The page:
News flash: the Pope doesn't tell God what to do
No doubt it’s a mistake to expect theological clarity in a statement by Elton John. Still when a friend called my attention to Sir Elton’s proclamation that Pope Francis is a saint, my eye was caught by the rock star’s assessment: “He is a compassionate, loving man who wants everybody to be included in the love of God.”
Everyone is included in the love of God, regardless of what this Pope, or any other, says. (How people respond to that love is another question.) Does Elton John think that the Pope makes the rules and God obeys them, like some sort of powerful genie required to fulfill its owner’s wishes?
That’s a ridiculous notion, I’ll grant you. But it’s perfectly compatible with other notions that circulate freely in popular culture—that is, in the world that has shaped Elton John. We constantly hear calls for the Church to change her teaching on contraception, or divorce, or euthanasia, or the ordination of women, or homosexuality. But if you pay any attention at all (and I concede, that’s a big “if”) you know that the Church proclaims these moral teachings not as human rules but as the will of God.
Now you might deny that the Church can know the will of God; you might deny that the Church can teach authoritatively. If you do, you shouldn’t care, one way or another, what the Pope says.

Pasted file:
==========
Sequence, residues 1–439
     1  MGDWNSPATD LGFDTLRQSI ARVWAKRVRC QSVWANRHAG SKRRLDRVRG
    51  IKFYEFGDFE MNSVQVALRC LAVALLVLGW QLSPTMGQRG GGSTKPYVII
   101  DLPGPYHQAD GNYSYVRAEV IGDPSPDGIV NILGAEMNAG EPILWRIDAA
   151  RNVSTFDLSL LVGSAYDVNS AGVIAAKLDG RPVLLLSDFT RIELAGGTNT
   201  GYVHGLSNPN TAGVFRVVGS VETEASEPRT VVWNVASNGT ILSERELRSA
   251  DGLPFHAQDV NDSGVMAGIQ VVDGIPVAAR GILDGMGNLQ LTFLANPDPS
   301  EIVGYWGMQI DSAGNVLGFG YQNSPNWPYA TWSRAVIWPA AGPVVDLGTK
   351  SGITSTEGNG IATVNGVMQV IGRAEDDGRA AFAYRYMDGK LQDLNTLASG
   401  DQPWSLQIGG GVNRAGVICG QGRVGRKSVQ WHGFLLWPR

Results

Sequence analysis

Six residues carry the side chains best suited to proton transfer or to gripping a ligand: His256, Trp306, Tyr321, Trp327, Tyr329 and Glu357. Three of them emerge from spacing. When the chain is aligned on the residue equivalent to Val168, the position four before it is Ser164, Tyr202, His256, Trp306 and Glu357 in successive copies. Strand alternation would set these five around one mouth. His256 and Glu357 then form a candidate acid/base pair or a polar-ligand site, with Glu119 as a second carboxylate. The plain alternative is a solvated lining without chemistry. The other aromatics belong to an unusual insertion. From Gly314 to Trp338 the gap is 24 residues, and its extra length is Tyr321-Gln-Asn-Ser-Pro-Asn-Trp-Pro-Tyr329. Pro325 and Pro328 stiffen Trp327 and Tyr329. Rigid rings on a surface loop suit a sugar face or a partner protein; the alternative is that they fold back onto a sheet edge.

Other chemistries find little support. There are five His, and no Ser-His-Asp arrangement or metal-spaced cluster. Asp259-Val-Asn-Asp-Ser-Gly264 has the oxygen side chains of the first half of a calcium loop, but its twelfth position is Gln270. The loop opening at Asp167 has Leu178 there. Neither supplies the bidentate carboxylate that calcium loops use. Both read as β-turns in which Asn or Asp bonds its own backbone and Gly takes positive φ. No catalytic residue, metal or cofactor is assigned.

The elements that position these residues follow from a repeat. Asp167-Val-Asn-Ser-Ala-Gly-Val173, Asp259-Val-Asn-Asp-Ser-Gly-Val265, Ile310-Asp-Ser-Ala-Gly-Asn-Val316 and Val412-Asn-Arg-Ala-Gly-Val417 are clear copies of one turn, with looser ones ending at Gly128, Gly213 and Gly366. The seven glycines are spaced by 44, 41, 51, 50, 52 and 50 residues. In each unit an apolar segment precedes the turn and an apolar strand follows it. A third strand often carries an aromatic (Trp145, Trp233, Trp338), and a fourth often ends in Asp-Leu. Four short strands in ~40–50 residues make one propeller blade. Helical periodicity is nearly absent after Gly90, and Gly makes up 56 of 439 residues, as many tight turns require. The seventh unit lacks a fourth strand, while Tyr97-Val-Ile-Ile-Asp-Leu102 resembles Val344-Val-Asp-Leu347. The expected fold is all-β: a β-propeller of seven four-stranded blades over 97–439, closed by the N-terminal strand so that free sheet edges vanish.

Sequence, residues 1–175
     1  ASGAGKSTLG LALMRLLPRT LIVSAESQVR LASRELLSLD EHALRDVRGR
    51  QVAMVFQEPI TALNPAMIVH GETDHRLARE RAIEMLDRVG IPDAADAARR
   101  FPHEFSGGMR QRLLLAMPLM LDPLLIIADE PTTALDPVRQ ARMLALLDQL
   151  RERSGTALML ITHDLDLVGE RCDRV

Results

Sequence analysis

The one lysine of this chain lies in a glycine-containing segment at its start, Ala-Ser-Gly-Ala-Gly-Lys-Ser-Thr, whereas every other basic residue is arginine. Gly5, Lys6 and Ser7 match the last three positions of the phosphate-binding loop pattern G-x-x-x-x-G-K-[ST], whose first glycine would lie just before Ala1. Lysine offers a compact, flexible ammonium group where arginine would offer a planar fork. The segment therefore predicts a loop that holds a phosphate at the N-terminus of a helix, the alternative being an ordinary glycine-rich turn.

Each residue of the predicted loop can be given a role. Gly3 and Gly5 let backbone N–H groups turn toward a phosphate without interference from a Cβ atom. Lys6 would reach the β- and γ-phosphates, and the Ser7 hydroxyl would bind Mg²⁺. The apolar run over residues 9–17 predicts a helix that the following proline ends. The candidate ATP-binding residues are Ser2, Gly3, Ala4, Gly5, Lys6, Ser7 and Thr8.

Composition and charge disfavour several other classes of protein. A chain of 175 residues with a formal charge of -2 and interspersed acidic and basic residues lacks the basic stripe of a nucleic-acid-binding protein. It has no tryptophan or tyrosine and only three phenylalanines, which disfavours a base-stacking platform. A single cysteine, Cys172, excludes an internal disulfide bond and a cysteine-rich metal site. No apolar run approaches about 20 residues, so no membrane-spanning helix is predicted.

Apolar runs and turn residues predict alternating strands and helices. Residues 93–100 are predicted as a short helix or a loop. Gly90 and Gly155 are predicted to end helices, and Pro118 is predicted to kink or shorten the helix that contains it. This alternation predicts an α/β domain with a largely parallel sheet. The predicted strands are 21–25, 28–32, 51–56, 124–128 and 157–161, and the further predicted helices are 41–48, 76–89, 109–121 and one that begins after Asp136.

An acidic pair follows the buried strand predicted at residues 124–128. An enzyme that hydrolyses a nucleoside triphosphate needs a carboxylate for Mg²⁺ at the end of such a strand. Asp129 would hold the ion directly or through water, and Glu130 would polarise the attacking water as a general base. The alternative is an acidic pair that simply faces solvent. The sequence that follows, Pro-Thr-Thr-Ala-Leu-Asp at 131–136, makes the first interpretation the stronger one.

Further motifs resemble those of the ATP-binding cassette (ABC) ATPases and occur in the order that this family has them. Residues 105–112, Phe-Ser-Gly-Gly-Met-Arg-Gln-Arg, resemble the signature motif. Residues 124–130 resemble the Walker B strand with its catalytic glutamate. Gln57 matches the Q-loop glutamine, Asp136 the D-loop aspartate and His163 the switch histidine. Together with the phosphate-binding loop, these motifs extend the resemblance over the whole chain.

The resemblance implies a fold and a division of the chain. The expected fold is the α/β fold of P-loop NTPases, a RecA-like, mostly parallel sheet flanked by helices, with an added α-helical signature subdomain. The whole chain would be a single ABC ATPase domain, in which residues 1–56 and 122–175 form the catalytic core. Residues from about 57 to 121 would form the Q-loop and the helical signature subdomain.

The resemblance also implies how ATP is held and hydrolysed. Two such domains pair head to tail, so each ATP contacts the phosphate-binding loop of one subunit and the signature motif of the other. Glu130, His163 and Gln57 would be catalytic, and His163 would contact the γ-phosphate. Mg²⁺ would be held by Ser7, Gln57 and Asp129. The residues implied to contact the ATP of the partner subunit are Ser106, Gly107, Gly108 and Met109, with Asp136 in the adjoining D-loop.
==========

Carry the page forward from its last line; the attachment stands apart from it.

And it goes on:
Yet people who claim to reject the authority of the Church often argue that the Church should teach something authoritatively—only that “something” would be contrary to what the Church has always previously taught. In doing so, the Church would be saying, in effect: “We were wrong. We didn’t know the will of God. Here, now, is our revised understanding.” You see the problem immediately. If the understanding can be revised once, it can be revised again, so the teaching cannot be authoritative.
But now I find myself wondering whether the critics of traditional Catholic teaching actually credit the Church with a degree of authority far greater than any Pope would dare claim: the authority to dictate to God. Maybe Elton John and others think that the Church can not only know God’s will but change God’s will. That’s an absurdity, of course; the Almighty is not governed by his creatures. But it wouldn’t be the only absurdity with a powerful hold on popular culture.
Jesus gave St. Peter the keys to the Kingdom. But it’s still His Kingdom. St. Peter is the gatekeeper, not the Sovereign. Maybe our contemporaries have trouble recognizing the distinction because they are not ready to accept the existence of anything more powerful than the human will.
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